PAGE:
Typhoon, the 16-year-old-tiger who was supposed to be in another part of his compound at the time, pounced on a zookeeper at Kaliningrad Zoo, pinning her down for about 10 minutes.
"We heard screams, and the cries went on for a long time, for 10 minutes or so," one witness said, the Sun reported. "Then they subsided, before starting again. I couldn't show this to my child."
"My daughter and I went to the zoo and immediately to the cage where the tiger lives, but the sight was terrible," another witness said. "There were shouts, everyone tried to chase away the tiger. When we got there, the woman was already bitten, [and] all covered in blood. The tiger didn't move away. It was biting, even a feeling that it gnawed like [on] meat. People threw stones at him, all they could."
The attack took place near the fence that separates onlookers from animals.
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Witnesses threw stones at the beast to distract it from the woman. When that proved unsuccessful, some men threw a table and chairs from a nearby cafe over the fence at the animal. This distracted Typhoon momentarily, allowing the woman to crawl and hide in a backroom.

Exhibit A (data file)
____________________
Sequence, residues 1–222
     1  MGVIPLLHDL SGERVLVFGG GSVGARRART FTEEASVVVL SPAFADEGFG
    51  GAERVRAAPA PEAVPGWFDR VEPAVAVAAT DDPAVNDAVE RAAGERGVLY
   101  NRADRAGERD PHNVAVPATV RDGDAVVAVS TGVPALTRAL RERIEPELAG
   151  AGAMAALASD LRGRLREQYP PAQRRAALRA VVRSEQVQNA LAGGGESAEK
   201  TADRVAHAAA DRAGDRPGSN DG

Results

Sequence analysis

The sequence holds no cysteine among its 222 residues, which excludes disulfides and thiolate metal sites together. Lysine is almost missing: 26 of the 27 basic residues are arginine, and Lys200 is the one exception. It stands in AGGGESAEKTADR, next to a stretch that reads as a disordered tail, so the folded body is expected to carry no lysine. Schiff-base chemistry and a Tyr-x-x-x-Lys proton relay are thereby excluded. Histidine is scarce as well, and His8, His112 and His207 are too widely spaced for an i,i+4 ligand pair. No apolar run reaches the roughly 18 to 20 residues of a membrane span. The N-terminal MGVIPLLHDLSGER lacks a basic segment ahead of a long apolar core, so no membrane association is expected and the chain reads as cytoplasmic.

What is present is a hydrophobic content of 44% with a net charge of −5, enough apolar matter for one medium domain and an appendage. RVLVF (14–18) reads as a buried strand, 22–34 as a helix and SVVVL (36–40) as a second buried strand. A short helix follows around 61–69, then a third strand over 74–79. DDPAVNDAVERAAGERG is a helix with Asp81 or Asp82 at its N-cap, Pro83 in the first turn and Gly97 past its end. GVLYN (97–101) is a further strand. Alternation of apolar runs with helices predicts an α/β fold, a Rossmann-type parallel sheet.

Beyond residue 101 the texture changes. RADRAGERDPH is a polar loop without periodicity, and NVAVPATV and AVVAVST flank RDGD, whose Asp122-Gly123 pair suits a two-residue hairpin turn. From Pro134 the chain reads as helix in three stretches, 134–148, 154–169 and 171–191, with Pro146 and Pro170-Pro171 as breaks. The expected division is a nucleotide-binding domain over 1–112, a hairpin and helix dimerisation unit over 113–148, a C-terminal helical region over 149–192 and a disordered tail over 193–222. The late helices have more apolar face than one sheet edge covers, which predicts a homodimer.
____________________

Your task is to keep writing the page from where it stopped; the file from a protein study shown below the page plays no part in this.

The zookeeper was immediately transported to the intensive care unit at a hospital in Kaliningrad.
"The patient was delivered to the hospital with multiple wounds to the body and limbs. She is conscious — her condition is assessed as stable but critical. There is no threat to her life," a local health ministry spokesman said.
The tiger was shot with a sedative by zoo staff when they later arrived and taken back to its cage.
Even though Typhoon behaved aggressively that day, he does not have a history of being violent toward humans, according to reports.